WADA are carrying on like Wickmayer returned a positive test. when all her test are negative. when this rule was introduced a lot of the top players at the time said it was going to cause trouble and confusion. The rules don't need to be changed they need to be got rid of. A player can report their where abouts and still do banned drugs so what the point in making them report their where abouts in the first place it just a dumb rule.

Szavay #1
Jan 30th, 2010, 11:43 AM
http://news.yahoo.com/s/afp/20100129/sp_wl_afp/tennisopenauswtawickmayerdoping

Hopefully this will be read by Radwanska too.:p

:haha:

anthonyqld
Jan 30th, 2010, 11:46 AM
So what they could do

* Test players every player at the start of a tournament.

* Test players during the off-season on each Monday.

* If a player misses her first whereabouts, the person should be contacted via WTA/ITF via telephone.

* Deliberately missing a doping test should result in a 2 month suspension.

Any other things to be added?

Just testing on Monday can pose a problem, it might not be able to be detected then. HGH can only be detected for 2 hours, then your free without a chance of being caught. Plenty of other drugs can only be detected in the first 24 hours. In 2008 there were quite a few NRL players having a whinge that they were being woken at 2:00-3:00am for random tests (sometimes 2-3 nights in a row).

If the players knew when they were going to get tested then they'll be stupid if they're caught, as they'll wait until just after the test to do their drugs then they'll turn up clean the next week while reaping the benefits.

anthonyqld
Jan 30th, 2010, 11:51 AM
Each drug averagely stays 2-4 weeks in your bloodstream. There's no way you can get a drug out of your system in 7 days.

HGH only last for 2 hours. Many others last only 24-48 hours. Very few(that are still used) last 2-4 weeks.

Patrick345
Jan 30th, 2010, 11:56 AM
Because one player screwed up (or their national doping agency) the WTA demands to soften the system. If rules are broken, we just change the rules, so they fit again. Sounds like she´ll be a good WTA politican. :worship: :rolleyes:

TheAllan
Jan 30th, 2010, 04:09 PM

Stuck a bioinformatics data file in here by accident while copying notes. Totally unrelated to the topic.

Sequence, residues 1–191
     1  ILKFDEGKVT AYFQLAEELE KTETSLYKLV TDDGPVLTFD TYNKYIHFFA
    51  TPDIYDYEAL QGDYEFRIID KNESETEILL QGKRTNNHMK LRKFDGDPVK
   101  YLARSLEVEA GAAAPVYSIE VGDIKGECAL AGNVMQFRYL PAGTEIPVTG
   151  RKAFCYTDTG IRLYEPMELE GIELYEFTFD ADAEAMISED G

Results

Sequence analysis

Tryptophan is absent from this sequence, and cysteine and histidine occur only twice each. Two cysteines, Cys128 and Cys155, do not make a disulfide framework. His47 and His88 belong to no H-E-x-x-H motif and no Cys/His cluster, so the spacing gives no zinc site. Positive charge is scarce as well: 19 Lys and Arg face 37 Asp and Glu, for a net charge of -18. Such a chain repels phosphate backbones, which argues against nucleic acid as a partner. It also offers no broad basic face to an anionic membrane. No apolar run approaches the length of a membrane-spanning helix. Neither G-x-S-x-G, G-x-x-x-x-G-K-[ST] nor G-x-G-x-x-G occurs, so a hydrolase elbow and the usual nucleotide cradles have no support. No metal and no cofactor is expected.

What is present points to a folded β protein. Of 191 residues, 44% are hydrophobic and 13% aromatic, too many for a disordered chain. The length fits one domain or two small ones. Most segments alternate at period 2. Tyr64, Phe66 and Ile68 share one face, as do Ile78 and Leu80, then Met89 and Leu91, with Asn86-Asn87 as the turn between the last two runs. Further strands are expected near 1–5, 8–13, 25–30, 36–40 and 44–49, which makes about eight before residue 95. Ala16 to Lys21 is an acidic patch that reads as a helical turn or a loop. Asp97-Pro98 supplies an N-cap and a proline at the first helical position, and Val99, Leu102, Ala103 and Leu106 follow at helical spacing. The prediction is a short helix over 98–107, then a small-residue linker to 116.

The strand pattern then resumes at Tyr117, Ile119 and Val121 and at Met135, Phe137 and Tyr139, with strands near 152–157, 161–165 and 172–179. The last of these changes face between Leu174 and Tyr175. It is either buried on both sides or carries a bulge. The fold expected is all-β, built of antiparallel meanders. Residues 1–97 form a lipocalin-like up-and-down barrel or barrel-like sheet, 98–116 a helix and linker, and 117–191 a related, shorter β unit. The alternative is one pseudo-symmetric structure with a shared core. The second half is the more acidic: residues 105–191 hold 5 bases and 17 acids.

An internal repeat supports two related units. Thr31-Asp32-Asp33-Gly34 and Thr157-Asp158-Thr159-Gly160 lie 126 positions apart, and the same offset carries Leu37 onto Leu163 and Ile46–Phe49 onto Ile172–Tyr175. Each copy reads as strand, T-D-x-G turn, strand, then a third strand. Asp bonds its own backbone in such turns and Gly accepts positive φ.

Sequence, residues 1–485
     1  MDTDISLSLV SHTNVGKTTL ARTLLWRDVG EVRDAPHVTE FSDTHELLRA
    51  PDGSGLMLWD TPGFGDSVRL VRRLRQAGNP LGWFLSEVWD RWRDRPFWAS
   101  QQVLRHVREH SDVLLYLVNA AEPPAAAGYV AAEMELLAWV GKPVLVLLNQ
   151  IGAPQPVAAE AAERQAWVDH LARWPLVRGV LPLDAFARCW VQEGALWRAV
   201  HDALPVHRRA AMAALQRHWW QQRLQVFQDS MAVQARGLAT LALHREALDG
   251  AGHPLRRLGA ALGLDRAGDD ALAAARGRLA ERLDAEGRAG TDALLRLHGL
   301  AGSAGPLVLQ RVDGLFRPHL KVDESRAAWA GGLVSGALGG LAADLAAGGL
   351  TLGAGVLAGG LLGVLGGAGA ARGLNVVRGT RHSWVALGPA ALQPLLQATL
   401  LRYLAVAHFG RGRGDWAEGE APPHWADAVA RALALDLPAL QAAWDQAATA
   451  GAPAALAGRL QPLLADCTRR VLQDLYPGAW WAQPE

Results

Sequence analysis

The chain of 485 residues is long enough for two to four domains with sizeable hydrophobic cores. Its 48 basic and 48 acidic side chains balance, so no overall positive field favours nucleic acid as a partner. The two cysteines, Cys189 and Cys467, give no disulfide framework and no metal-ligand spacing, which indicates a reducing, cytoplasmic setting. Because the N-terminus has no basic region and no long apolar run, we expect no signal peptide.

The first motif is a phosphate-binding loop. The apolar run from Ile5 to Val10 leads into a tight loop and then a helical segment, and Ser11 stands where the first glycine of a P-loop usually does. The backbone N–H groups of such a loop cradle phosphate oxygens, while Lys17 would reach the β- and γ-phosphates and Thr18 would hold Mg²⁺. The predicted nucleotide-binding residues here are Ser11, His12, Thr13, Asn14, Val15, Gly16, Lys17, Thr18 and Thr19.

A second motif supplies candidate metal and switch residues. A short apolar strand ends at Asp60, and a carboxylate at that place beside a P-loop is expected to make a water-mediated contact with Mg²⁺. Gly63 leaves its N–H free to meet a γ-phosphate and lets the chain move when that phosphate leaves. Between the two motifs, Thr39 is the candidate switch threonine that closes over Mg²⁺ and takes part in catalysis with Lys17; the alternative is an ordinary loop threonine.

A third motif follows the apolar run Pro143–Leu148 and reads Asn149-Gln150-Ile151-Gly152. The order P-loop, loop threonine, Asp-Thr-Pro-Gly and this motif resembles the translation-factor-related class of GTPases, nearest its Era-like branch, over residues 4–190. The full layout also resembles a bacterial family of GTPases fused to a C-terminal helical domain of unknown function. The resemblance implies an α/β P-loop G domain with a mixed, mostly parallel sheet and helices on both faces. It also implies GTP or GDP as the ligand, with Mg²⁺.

She won't have any luck with this proposal. It doesn't look like she has thought it through, and the problem she seems to want to address has nothing to do with the Wickmayer case. The only distinction that exists within the system is between individual sports and team sports. To think that tennis will have their own set of rules is slightly optimistic when every move so far has been in the reverse direction - namely to harmonize the rules and punishments across sports.

Top players only average around 20 tournaments a year - that leaves a lot of time in their schedule when they can't be located through a tournament. They would still need to fill in their whereabouts on an individual basis. I take her proposal to mean that they wouldn't need to fill in their whereabouts when they are participating in a tournament. I think this would just be more confusing for the players. Some players withdraw, others lose early. And whenever that happens they would need to be conscious of the whereabouts. Some might stay for an extra day or two to practice, in which case they still need to update whereabouts as they are no longer covered by tournament participation. It's easy so see players forgetting this when there is no consistent rule to have them updated at all times.

And who will be responsible for constantly updating the player schedules to both the ITF and the national anti-doping organizations? I suppose the WTA will take on this responsibility, but it's the players who will be punished individually for any mistakes they make. This could create some very messy disputes.

youizahoe
Jan 30th, 2010, 04:34 PM
Just testing on Monday can pose a problem, it might not be able to be detected then. HGH can only be detected for 2 hours, then your free without a chance of being caught. Plenty of other drugs can only be detected in the first 24 hours. In 2008 there were quite a few NRL players having a whinge that they were being woken at 2:00-3:00am for random tests (sometimes 2-3 nights in a row).

If the players knew when they were going to get tested then they'll be stupid if they're caught, as they'll wait until just after the test to do their drugs then they'll turn up clean the next week while reaping the benefits.

Those problems will be solved with the new doping trace methods, which is in a testingfase :)

But yeah, I have to agree :)